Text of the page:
With Oregonians starting to vote by mail on Measure 91, which would legalize recreational marijuana in this state, naturally I had to make this the theme of my most recent Strange Up Salem column in our alternative paper, Salem Weekly.
(Feel free to give Strange Up Salem a Facebook "like." Strange is good. This town is under a blah-curse, and every Like lifts it a bit.)
I called the piece, A Strange Reason to Legalize Marijuana.
I like it a lot. After the new issue of Salem Weekly hit the streets a few days ago, I re-read the column while taking a hot bath. It blew my mind, and I had written it!
Whenever I can barely grok something seemingly important that has emerged from my own mind, I know that it must make deep good sense. Or, it's insane. One or the other. Or both.
Have a read.
A strange reason to legalize marijuana
Here’s a news flash from the front page of modern neuroscience: “You don’t exist.” At least, not in the way most people believe they do.
We feel as if we look out upon the world as a detached ethereal consciousness floating behind our eyes, inside our head. We feel as if we’re a weightless self or soul inhabiting a body.
These feelings are wrong. The sense of self is an illusion. You, me, and everyone else are billions of neurons woven together via trillions of electrochemical connections.
Marvelously, the brain tells itself stories about how it is other than it is.
As biologist Edward O. Wilson puts it in his new book, “The self, despite the illusion of its independence created in the scenarios, is part of the anatomy and physiology of the body.”
Scientifically obvious, yet shocking to our intuitive sense of ourselves as immaterial self or soul. I am brain-meat that has evolved the capacity to consider itself, if not divine, largely aloof from physicality.
Which is my philosophical neuroscientific reason for voting “Yes” on Measure 91, Oregon’s marijuana legalization initiative.
Apparently an underlying assumption of legal pot opponents is that human consciousness is some sort of pristine, pure pool of unsullied awareness which shouldn’t be contaminated by chemical substances like THC, the major psychoactive ingredient in marijuana.
Here’s another science news flash: the brain produces conscious awareness, and it is filled with over 100 chemical neurotransmitters.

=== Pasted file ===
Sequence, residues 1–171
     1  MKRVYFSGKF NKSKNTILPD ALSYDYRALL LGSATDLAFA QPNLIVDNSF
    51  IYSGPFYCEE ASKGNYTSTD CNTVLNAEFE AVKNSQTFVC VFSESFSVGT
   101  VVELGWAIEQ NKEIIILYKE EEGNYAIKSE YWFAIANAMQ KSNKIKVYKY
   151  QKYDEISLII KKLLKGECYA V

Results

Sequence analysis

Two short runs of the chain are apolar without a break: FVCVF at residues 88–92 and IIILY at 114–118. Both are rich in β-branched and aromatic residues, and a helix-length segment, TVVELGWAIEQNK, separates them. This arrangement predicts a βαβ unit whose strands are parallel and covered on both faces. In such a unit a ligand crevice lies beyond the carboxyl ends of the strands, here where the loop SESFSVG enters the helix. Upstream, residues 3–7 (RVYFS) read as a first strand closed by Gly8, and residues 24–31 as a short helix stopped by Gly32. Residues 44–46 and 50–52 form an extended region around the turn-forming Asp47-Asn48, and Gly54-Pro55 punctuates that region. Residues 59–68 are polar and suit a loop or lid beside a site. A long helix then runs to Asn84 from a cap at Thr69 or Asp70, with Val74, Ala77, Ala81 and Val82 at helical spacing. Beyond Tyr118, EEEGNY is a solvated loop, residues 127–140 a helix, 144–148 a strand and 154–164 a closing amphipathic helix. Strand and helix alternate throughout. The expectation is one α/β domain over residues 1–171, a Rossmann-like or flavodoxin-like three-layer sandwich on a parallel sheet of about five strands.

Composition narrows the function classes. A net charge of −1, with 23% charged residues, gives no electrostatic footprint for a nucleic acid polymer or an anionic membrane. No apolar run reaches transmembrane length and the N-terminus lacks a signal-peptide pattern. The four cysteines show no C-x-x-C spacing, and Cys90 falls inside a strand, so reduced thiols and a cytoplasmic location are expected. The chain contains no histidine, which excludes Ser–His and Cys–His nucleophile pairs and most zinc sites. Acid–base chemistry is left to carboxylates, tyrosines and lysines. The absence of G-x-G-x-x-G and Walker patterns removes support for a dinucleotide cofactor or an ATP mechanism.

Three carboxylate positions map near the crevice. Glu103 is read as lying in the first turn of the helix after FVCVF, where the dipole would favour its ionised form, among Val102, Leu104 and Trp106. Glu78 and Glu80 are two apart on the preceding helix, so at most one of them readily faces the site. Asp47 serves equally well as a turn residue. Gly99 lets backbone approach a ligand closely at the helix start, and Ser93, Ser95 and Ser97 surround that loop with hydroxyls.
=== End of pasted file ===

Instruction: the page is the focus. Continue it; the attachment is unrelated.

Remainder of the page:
They make us happy, horny, hungry, and so much more. Including, high.
I’m writing these words buzzed on a chemical my brain adores: caffeine. Is this wrong? Should caffeine be illegal because it alters my consciousness, increasing alertness and improving my mood?
Of course not. It’s beautiful, really, how humans can bring parts of the world into their brains, then those substances enable them to view the world differently.
We are the world. The world is us. There is no immaterial self standing apart from materiality.
So it isn’t a big deal to add marijuana to the long list of ways human brains are legally altered chemically in Oregon. Marijuana is safer than alcohol, tobacco, and prescription drugs. Informed adults should be able to choose their preferred consciousness-changing substance.
After all, there’s no such thing as a normal state of consciousness.
No one knows how anyone else experiences reality. If somehow this were possible, likely we would be surprised by how differently another person subjectively perceives the same objective world.
Further, whatever you or I experience in the privacy of our own awareness, it is extremely doubtful that the socially accepted definition of psychological normality is the best we humans are capable of.
Artists, visionaries, mystics, poets, meditators, and, yes, users of psychoactive drugs, along with other explorers of altered states of consciousness, tell tales of how they opened doors of perception that made them feel more in touch with reality, not less.
Vote for Measure 91. This is a wonderful way to strange up Salem, and Oregon.